6 difficult to speculate at this time as to precisely how it will work. 11. How does the Employment Services and Supports stream work? This is the type of programming allowed under the former Labour Market Agreements and includes literacy, numeracy and employability In several provinces, community-based organizations have been assured of continued funding for the first two years of the Canada Job Fund. However, spending requirements in the other streams will limit the amount of money available for this stream over the life of the Canada Job Fund agreement. 12.Which provinces and territories have launched the Canada Job Grant? All provinces and territories have active Canada Job Grant websites except for Nova Scotia. 13.Which employers have received funding? To date, one public announcement has been made. A company in Manitoba, Oxygen Technical Services Limited, was the recipient of the first Canada Job Grant with the Prime Minister and Premier attending the announcement. Fifteen employees will receive skills training and certification with a focus on managed services, cloud computing and Voice over Internet Protocol solutions expertise. Another seven IT jobs are expected to result from the Manitoba apparently has already allocated all its funds for the first year. 14.Is there a review process? In year two, the Canada Job Fund agreement will be reviewed and the results presented to the Forum of Labour Market Ministers. Among other areas, the review will look at employer take-up and phase-in, evidence of incremental training funded by the Job Grant, the return on public investment of the Job Grant and impacts on various types of trainees benefitting from the Job Grant. Performance indicators and measures will be developed during the first year of the agreement. 15.What happens to community-based employment and literacy groups? Several provinces had used Labour Market Agreement funds to support community-based employment and literacy groups. In Ontario and Nova Scotia, assurances have been received 6 Caledon Institute of Social Policy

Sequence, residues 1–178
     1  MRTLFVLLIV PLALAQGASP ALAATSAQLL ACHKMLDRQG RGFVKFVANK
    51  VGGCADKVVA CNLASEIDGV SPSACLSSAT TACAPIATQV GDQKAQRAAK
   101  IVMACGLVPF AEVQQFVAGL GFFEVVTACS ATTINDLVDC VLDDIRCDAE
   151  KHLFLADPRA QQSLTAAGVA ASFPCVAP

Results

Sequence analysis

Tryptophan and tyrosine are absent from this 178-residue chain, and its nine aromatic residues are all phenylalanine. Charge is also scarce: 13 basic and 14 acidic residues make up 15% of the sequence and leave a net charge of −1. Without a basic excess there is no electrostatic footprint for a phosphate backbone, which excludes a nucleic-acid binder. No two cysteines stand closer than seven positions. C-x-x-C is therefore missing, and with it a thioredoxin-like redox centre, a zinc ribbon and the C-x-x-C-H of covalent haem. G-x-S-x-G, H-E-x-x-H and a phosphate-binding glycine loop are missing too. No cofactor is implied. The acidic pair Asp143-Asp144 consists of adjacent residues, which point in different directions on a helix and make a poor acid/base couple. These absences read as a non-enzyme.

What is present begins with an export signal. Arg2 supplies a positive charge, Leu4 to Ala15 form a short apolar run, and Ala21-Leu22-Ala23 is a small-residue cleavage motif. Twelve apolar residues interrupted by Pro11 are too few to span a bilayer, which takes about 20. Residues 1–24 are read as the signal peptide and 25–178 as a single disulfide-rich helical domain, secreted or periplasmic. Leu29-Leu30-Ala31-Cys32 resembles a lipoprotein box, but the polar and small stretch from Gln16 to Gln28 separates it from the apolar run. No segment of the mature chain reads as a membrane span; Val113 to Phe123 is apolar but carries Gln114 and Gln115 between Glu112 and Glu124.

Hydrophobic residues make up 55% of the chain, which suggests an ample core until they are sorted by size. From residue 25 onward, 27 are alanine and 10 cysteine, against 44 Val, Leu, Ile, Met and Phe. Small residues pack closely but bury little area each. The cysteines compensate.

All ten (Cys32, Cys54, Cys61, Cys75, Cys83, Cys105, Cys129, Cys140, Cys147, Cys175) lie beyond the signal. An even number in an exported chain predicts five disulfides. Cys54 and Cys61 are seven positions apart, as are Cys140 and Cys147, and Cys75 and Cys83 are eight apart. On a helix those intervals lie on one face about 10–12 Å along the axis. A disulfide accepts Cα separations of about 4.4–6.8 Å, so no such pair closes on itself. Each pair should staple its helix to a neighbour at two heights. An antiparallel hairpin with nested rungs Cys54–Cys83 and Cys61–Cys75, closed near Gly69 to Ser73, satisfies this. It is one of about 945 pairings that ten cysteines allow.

7 that this support will continue for the first year or two. Given the spending targets required for employer-driven training, these funds will decrease over the life of the agreement. Community-based employment and literacy groups are not eligible to provide the training stipulated under the Canada Job Grant. In Ontario, some of these groups will receive provincial funds to outreach to the business community and, where there are fewer than 25 participants, to administer the grants. 16.What role do unions play? Union training centres are eligible third-party providers. Unions can facilitate applications from employers by raising awareness, identifying employees for training and ensuring quality adult education. This work can also be facilitated through sector councils and joint training trust funds. 17.Who are the winners? Employers while currently the average employer expenditure on training is $688, the Canada Job Grant has the potential to increase this spending. Public funds will be directed to the private sector. There is no requirement to validate that the public funds do not replace what the employer usually would spend on The federal government with spending targets in place and no provision for a phased-in approach, unspent funds will be returned to the federal treasury. Formal education and training institutions, including private career colleges the formal and, in many provinces, legislatively recognized institutions are the favoured providers. 18.Who are the losers? Persons who are unemployed or underemployed and not eligible for Employment Insurance will be losers. There is little incentive for employers to pay for the training of people they do not currently employ. Individuals who work for businesses that have no interest or capacity to train employees will have no opportunity to participate in Canada Job Grant Losers include Canadians with low literacy and essential skills or no high school diploma; and equity groups including many immigrants, Aboriginals, women returning to the labour market and older unemployed individuals. Caledon Institute of Social Policy 7

8 Losers include agencies that provide literacy and essential skills as well as employability services. The first two streams of the Canada Job Fund represent a 180-degree shift from the Labour Market Agreements focus on the most underserved and underskilled. References Department of Finance Canada. (2013). Budget Plan Employment and Social Development Canada. (2013). Evaluation of the Labour Market Agreements, Final Report. Public sector employers are not eligible for the Canada Job Grant. Brigid Hayes 19.What else does this change affect? When the Canada Job Grant was first announced, the federal government signalled that it would re-negotiate the Labour Market Development Agreements despite those agreements not having an end date. The Labour Market Development Agreements are to follow the spirit of the Canada Job Fund, that is, align with employer requirements. Copyright 2014 by Caledon Institute of Social Policy 1354 Wellington Street West, 3 rd Floor Ottawa, ON K1Y 3C3 CANADA Tel/Fax: (613) Website: 8 Caledon Institute of Social Policy